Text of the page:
Suddenly Single

A noon-hour event next Wednesday is aimed at staff and faculty members who are single, and also those who aren't. "Even partnered people have friends or family who are single," points out Linda Brogden, a member of the Employee Assistance Program, which is presenting "Suddenly Single".

"Several wannabe actors were quickly recruited," says Brogden, promising that Mark Murdoch of food services, Katrina Di Gravio of human resources, Matt Erickson of ethical behaviour, and other known extroverts will be part of a "Waterloo Squares" game that's both amusing and informative. ("Have the rules for dating changed?")

I'll say more about this event next week -- meanwhile, anybody who wants to attend the Wednesday 12:00 show should be preregistering, either with the green form that was recently distributed, or by phoning ext. 6264.

To do, to hear and to see

Starting at 9:00 this morning, polls are open around the clock in the election of new leaders for the Federation of Students. Most voting will happen online, through the Feds' web site, although there will also be hard-copy ballots at voting stations in several campus buildings Monday through Wednesday. The election ends at 4:30 p.m. on February 12. At stake is the position of Fed president for the coming year (four candidates are seeking that one) and three vice-presidencies (two candidates for one of them, three for one and four for the other one), as well as seats on the UW senate and students' council.

A note from the engineering graduate studies office says "an informal get-together" will be held tonight, from 3:00 to 6:00, that will be of interest to upper-year students: "Each department in Engineering will briefly present an overview of its program, followed by informal discussions on graduate studies in Engineering (over food and refreshments). If you are interested in graduate studies in Engineering, come and find out! All students are welcome, but especially those in Engineering, Science and Mathematics, who are thinking of pursuing graduate studies in Engineering." Location: the University Club.

Accepting people's differences has become more difficult since September 11, 2001, says Rev. Robert Schreiter, who will talk tonight about how society and the church can preserve a sense of social cohesion while still respecting each other's uniqueness. His lecture, "Plurality and Difference in an Unstable World", starts at 7:30 at Siegfried Hall, St. Jerome's University. It's part of the 2002-2003 season of the St. Jerome's Centre for Catholic Experience. "People find it's fairly easy to relate to people different from themselves when they feel secure," Schreiter says. "But how do they do it in an unstable situation? At times like these, the resources of the Church for reconciliation and peacebuilding come into play." Schreiter is a professor at Catholic Theological Union in Chicago and the University of Nijmegen in the Netherlands. He is also a consultant to Caritas Internationalis, the Vatican agency for 154 relief and development agencies worldwide, and has helped to develop reconciliation and peace-building programs around the world.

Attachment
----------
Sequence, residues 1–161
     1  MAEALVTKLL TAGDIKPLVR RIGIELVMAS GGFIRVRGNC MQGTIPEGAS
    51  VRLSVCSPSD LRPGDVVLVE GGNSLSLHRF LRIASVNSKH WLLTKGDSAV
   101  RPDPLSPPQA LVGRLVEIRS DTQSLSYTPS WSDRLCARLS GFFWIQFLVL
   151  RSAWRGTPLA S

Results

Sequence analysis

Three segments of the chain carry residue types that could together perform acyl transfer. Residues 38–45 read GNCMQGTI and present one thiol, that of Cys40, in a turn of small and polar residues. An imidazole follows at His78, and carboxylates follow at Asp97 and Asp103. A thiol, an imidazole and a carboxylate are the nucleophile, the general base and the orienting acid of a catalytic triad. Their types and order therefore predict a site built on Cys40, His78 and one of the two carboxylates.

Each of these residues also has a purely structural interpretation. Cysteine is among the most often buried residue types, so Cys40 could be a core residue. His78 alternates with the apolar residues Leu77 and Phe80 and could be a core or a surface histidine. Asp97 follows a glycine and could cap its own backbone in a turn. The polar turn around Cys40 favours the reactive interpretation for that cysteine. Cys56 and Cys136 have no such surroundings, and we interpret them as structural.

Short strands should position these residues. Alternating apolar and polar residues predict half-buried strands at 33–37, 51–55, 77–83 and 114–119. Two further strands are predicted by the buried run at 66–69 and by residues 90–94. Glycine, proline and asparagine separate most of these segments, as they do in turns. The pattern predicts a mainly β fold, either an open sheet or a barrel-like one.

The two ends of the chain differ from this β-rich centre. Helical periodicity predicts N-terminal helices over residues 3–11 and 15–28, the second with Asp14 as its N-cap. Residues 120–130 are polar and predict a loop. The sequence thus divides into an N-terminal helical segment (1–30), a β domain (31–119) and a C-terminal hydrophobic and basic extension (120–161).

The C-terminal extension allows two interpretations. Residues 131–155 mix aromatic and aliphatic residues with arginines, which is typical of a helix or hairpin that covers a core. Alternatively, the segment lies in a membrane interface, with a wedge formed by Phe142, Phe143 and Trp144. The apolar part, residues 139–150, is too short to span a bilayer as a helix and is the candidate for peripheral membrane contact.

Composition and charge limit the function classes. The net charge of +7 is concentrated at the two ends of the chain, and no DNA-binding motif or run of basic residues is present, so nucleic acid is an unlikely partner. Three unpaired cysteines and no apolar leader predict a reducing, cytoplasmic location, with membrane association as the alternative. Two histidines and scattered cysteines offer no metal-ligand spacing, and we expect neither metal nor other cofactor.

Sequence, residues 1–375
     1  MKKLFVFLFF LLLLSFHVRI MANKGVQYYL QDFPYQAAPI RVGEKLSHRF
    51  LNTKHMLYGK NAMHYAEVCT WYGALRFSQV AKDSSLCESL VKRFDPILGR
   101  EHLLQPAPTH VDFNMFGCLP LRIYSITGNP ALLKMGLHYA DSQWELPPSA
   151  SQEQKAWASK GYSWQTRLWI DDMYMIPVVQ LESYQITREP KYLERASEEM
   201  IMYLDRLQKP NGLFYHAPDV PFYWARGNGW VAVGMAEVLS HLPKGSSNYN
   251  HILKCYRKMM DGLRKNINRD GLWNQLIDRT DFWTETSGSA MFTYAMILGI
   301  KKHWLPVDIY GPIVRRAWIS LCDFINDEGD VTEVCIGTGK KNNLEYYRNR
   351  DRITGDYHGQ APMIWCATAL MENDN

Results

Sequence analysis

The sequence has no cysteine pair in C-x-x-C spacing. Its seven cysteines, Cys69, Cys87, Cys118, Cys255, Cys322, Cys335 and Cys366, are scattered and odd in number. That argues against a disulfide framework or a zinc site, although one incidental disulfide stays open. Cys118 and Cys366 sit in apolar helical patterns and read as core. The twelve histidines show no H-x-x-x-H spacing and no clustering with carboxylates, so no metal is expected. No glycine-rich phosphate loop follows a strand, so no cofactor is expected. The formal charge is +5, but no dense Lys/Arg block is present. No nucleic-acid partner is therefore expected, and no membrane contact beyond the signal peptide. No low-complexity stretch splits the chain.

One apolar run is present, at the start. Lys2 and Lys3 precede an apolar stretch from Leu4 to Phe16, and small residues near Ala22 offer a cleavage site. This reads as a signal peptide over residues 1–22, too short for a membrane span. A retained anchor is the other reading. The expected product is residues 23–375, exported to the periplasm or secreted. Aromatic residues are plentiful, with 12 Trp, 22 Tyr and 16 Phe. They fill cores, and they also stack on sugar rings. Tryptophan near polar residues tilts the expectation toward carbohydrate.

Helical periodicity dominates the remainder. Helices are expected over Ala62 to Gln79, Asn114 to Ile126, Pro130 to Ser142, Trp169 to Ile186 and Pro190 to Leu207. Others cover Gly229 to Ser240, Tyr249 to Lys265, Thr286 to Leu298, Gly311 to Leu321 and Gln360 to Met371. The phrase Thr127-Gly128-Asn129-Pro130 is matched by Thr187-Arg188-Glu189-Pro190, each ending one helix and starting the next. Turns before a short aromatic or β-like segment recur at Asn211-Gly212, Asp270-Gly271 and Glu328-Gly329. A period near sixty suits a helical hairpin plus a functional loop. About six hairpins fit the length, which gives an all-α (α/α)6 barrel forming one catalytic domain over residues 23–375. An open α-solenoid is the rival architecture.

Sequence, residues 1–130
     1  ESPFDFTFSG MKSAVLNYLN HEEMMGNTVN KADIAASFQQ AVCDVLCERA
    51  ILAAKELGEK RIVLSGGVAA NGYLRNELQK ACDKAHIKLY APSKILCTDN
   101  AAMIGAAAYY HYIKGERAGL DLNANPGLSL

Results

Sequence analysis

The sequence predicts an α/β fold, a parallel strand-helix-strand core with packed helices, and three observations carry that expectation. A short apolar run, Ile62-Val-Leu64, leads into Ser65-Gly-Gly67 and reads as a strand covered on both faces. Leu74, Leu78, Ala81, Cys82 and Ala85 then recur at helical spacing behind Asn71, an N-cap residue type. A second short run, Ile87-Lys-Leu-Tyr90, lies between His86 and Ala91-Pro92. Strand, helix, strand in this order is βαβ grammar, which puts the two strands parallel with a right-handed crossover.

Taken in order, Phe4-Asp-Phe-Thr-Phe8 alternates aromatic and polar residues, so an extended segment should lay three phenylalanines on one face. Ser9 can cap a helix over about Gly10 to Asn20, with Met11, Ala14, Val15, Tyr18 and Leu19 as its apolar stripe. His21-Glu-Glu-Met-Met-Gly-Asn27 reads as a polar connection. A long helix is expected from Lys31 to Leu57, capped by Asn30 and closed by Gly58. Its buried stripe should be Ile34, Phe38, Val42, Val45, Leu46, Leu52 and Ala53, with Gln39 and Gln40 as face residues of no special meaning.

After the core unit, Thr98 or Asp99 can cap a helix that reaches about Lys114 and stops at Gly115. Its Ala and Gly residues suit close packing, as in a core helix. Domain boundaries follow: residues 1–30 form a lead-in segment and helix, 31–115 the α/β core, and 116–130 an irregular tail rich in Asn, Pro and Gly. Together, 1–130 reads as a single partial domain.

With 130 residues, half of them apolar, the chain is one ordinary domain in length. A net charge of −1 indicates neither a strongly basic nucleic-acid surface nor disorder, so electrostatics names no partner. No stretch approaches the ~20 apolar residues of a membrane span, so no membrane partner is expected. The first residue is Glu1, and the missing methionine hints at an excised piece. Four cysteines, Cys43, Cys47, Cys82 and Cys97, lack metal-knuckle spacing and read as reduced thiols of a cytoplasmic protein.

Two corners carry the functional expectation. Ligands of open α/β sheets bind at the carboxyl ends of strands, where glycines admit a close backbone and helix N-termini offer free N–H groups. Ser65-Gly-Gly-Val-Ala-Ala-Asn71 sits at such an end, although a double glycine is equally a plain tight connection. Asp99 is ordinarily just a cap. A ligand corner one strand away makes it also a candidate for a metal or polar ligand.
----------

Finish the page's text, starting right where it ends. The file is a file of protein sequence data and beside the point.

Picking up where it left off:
"The New FASS Show", this year's production by the FASS Theatre Company, continues in the Humanities Theatre -- tonight at 7 and 10, Saturday night at 8. Tickets (general admission) are $8 at the Humanities box office. I understand that Mike Kerrigan, vice-president (internal) of the Federation of Students, made a cameo appearance last night; future performances will include brief appearances by Nancy Heide (associate director here in communications and public affairs), Heather Fitzgerald (UW's student life coordinator), and computer science professor Ian VanderBurg.

The "Iced in Black" festival of black film continues, with showings at 7:00 tonight, 2:30 tomorrow (and on into the evening), and 1:00 Sunday, all in Davis Centre room 1304. Details are on the festival's web site.

There's music in the Student Life Centre today, as International Celebration Week winds down: "Luke Andrews sings lyrical tales" during the noon hour. . . . Graduate student Michael McNulty is the speaker (about "self-consciousness") in today's philosophy colloquium, 2:30 in Humanities room 334. . . . The drama department's production of two plays by Daniel MacIvor continues at 8:00 tonight and tomorrow night in Studio 180 in the Humanities building. . . . The Waterloo Public Interest Research Group hosts an annual "skills training and networking conference" this weekend. . . .

Movies, Spanish dancing lessons, a "Weakest Link" game show, "international pizzas" and other snacks, and crazy carpets for those who want to try out the snow -- they're all features of another Warrior Weekend, happening tonight in the Student Life Centre (7 p.m. to 1 a.m.). The event also includes a bargain at the Cove game room: unlimited gaming for $5 for the six-hour period.

A lecture on "Teaching Diversity" by Marilyn Jacobs, of the harassment and discrimination office at Wilfrid Laurier University, is scheduled for 12 noon today in room P207 of the Peters Building at WLU. . . . Architecture students should hand in one copy of their resumé package to the co-op dropoff bin in the CEC building today. . . . Heat will be turned off in the environmental studies buildings from 8 a.m. to 2 p.m. tomorrow for maintenance work. . . . "I Love Art" is the theme for this year's fund-raising event at the Canadian Clay and Glass Gallery downtown, to be held Saturday night with the involvement of many UW people. . . .